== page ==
During Yakzan’s daily rounds of Aksaray, a man greeted him profusely and whispered a few words into his ear. “He is a police officer,” he later said. “He was asking for baksheesh”, or a bribe. Shortly after, another man crossed his way and stopped to exchange a few words. “He works in the Bulgarian route,” he explained. For Yakzan, the human smuggling business consists of a chain and he is only part of it. “If I don’t make money, nobody in Aksaray makes money,” he said referring to the smugglers, middlemen, hotels, restaurants, and landowners who catered to the hundreds of thousands of refugees and asylum-seekers that reached Europe in 2015. “Turkish officials are not making money anymore,” he said in reference to the agreement, “so in Turkey, there will always be a way.”

What the international community fails to understand is that “Europe is our last solution,” said Yakzan after finishing a plate of kunafe, a popular Syrian sweet. Refugees and asylum-seekers choose to take dangerous and illegal pathways to Europe when they cannot live dignified lives in Turkey. Even though Yakzan wants to leave Turkey, he is skeptical of life in Europe and imagines his future with heartfelt distrust. “People think Europe is a paradise, but once they get there they find out it’s not true.”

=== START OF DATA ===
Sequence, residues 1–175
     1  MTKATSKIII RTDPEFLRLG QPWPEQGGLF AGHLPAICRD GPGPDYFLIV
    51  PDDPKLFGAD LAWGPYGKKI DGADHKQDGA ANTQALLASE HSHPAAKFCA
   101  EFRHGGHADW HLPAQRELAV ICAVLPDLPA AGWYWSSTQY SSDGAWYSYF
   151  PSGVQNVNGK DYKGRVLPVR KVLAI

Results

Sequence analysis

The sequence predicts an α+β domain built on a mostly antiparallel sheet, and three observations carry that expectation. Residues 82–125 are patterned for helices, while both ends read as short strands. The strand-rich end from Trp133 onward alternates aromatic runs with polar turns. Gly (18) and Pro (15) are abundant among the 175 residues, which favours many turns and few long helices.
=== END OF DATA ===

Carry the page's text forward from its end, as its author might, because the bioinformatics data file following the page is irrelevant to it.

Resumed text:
Yakzan is hopeful that the smuggling business will pick up again, but he is betting on reunification in Europe as a way out. He claims he will leave the smuggling business behind once in Europe and dedicate himself to learning the language. However, he vows to continue speaking Kurdish at home. Ultimately, “Europe is for the children,” he said before doing one more round in the empty streets of Aksaray.

Names in this article have been changed at the request of the source to protect his identity.*